Horses are friendly and wonderful animals. People have for years written about their loyalty, amazing memories and good sense – from our Chetak to Black Beauty to more recently the movie War Horse. The country today is distressed over what has happened to Shaktiman, a police horse. The problem with our society is that we have a habit of reacting to situations instead of responding with long-term solutions. The uproar over Shaktiman’s issue will die down soon and we will forget and move on. We need to realise that tweeting over one incident will not solve the problem. A larger solution is required. We need to instil a sense of love and compassion for animals in our society – one that is latent in India and needs to be awakened – and also ensure that the law enforcement agencies are trained and respond to animal cruelty effectively.
As India strongly moves forward to stand amongst the superpowers of the world, our moral duty towards our most vulnerable citizens, the animals, must not take a back seat. Violence towards people and animals are inextricably linked. People who abuse animals in their childhood often end up targeting people when they are older. Cruelty to animals in children can be a warning sign of future violent behaviour. Hence, it is of prime importance to address this issue. There are hundreds of examples to show the deep connect between animal abuse and human violence. Mass murderer Jeffrey Dahmer used to cut off the heads of cats and dogs impaling them on sticks. Similarly, Albert De Salvo (“The Boston Strangler”), trapped dogs and cats in crates and shot them through the boxes.
The Macdonald Triad theory (as proposed by renowned psychiatrist JM MacDonald) links cruelty to animals, obsession with fire setting and bed-wetting past a certain age to violent behaviour, particularly homicidal behaviour and sexually predatory behaviour. As a child, serial killer and rapist Ted Bundy – who was convicted of two murders but was suspected of actually killing more than 40 women – witnessed his father’s violence towards animals and he himself later tortured animals. Even in the fictional world of Harry Potter, we see how the ruthless villain and mass-murderer, Voldemort, exhibited tendencies of animal torture in his childhood. In renowned humanitarian Dr. Albert Schweitzer’s words, “Anyone who has accustomed himself to regard the life of any living creature as worthless is in danger of arriving also at the idea of worthless human lives.”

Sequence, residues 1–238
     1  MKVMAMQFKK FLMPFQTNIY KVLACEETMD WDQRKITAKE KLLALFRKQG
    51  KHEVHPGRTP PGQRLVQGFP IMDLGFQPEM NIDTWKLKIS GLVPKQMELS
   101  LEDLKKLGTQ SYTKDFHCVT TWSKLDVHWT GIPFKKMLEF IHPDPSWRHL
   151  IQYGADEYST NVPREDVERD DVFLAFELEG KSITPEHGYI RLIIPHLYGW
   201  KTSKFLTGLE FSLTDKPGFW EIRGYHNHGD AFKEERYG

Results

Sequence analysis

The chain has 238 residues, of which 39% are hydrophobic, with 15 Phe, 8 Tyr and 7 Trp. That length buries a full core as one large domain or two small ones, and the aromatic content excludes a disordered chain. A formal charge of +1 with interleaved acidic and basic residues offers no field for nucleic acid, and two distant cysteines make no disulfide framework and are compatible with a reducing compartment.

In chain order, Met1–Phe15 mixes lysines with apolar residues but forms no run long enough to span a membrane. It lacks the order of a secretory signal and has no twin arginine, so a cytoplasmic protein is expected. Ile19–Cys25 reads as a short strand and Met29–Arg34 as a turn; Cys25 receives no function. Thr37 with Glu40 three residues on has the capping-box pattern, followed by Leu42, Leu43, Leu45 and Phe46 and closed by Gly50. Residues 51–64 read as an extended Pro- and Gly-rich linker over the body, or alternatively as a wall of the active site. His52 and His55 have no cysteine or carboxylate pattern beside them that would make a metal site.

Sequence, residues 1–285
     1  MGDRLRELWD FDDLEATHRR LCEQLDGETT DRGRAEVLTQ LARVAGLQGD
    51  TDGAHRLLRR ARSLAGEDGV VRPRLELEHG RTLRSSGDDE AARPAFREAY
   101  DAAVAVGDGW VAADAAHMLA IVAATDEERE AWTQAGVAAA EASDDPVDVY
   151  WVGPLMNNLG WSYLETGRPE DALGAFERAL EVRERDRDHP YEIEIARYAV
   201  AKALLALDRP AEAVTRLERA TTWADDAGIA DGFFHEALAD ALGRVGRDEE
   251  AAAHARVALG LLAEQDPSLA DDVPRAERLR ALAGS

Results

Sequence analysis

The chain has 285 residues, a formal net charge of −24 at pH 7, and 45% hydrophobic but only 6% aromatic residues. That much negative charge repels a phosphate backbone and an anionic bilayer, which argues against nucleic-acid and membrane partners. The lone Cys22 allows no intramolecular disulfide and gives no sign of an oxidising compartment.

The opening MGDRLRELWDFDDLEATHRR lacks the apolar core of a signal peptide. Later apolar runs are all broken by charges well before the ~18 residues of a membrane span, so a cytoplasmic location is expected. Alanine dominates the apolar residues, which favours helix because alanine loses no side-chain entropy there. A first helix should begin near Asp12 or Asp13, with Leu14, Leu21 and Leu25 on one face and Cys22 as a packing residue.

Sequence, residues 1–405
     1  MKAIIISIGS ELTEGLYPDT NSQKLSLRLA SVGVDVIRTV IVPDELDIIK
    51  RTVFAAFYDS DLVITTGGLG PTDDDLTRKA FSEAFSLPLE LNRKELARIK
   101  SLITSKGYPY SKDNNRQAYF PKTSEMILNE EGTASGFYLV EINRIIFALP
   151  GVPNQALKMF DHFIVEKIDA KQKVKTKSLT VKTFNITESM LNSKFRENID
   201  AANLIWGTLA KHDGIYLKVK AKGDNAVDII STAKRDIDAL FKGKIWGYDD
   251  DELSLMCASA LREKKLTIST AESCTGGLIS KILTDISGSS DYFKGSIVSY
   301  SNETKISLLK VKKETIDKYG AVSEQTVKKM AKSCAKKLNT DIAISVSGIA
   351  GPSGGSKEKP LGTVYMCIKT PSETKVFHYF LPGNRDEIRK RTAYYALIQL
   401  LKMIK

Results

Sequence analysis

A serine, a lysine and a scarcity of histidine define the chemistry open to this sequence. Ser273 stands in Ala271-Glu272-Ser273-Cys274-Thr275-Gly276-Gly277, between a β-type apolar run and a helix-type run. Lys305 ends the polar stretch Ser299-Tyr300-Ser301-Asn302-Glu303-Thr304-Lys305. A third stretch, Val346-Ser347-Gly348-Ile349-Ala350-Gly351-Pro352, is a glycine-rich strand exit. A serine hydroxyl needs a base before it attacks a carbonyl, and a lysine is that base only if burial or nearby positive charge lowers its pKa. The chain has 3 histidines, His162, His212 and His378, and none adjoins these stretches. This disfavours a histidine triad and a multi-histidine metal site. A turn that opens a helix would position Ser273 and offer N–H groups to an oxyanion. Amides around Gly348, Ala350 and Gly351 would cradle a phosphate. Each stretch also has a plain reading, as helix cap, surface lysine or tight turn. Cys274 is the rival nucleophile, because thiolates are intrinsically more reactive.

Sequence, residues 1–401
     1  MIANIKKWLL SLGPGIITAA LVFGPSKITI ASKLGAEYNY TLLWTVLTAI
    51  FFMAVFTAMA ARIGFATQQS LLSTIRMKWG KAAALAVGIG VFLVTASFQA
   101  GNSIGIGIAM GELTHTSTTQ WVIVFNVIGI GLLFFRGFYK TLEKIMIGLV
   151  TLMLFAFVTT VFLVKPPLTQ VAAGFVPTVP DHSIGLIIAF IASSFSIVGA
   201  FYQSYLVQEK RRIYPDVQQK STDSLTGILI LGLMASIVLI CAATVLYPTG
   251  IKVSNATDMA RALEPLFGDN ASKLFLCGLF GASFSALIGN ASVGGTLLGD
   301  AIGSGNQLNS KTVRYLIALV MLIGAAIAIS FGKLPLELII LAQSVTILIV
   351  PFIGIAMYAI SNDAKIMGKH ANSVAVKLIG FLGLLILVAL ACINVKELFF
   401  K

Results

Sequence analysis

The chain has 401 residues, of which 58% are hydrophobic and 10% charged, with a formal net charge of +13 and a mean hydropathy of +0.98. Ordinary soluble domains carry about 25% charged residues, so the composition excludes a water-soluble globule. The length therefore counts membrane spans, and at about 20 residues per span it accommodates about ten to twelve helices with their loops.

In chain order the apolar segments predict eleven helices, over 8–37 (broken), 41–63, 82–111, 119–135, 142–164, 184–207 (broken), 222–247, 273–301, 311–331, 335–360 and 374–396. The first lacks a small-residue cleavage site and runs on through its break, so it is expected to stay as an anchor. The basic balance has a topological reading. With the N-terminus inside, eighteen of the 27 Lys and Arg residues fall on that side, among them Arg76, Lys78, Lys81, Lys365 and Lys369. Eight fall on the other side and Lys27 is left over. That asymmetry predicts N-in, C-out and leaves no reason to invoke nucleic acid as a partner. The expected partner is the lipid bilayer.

Abusers target the powerless – crimes against animals, spouses, and children often go hand-in-hand. Children who abuse animals may be repeating a lesson learned at home; like their parents, they are reacting to anger or frustration with violence. Their violence is directed at the only individual in the family who is more vulnerable than they are: an animal.
So how do we stop such a dangerous chain of insensitivity and violence? By nipping it in the bud. I am reminded of a short story At Home by renowned Russian author Anton Chekhov. In the story, a seven-year-old boy starts smoking. His father tries in vain to dissuade him from this dreary habit by cajoling him, threatening him and even bribing him, but fails. Finally, he tells him a story about a king and his son, wherein the latter died due to smoking. This leaves a huge impression on the mind of the seven-year-old child and he quits smoking.
Thus, the impact of stories on the mind of children is enormous. Hence, children should be told stories of love and compassion. At home and in schools, they should be taught that “Love thy neighbour as thyself” also extends to animals. They need to be told stories of India’s glorious past where we worshipped our rivers, mountains and animals. The earliest laws of conservation of animals date way back to the reign of Emperor Ashoka who banned killing and hunting of all animals in his kingdom. Images depicted in ancient Indian art and wall carvings, the notes and stories mentioned in Indian scriptures and fables likePanchatantraand Hitopadesha, all of these reflect the ethos of conservation and reverence for animals. These stories shall inspire children to treat animals with compassion and to raise their voice against any form of animal abuse.
In India, there exists rampant animal abuse – on roads, in houses, in shanties and even in trains. Examples of such abuse include overloaded bullocks who fall down from carrying heavy weight; slaughterhouses that execute animals cruelly after torturing them; poisoning of cats; factory farming of animals, cock, goat and bull fights; animal sacrifices in temples; races with cows and horses tied together and made to run for 10 kilometres; trucks that carry 50 cows and buffaloes jammed and crushed together so that half of them die on arrival; old animals thrown out of the streets; monkey dances – the list is endless. Some of these animal abuses such as the raping of animals such as dogs and cats are shocking and blood-curdling.
Such animal abuse can be tackled by having a dedicated police unit specialized to deal with animal issues.
The Netherlands is the first country in the world to have a dedicated (500-strong) police force for the protection of animals, a move made by the government with the insistence of The Party for the Animals. By law, we should have the Society for the Prevention of Cruelty to Animals (SPCAs) in every district. However, the SPCA exists only in Delhi, where inspectors themselves collude with the violators, and thus the animal abuse goes unchecked. .
Acts of violence against animals that are checked now will prevent future crimes against humanity. It’s time we took a stand now for the victims of tomorrow.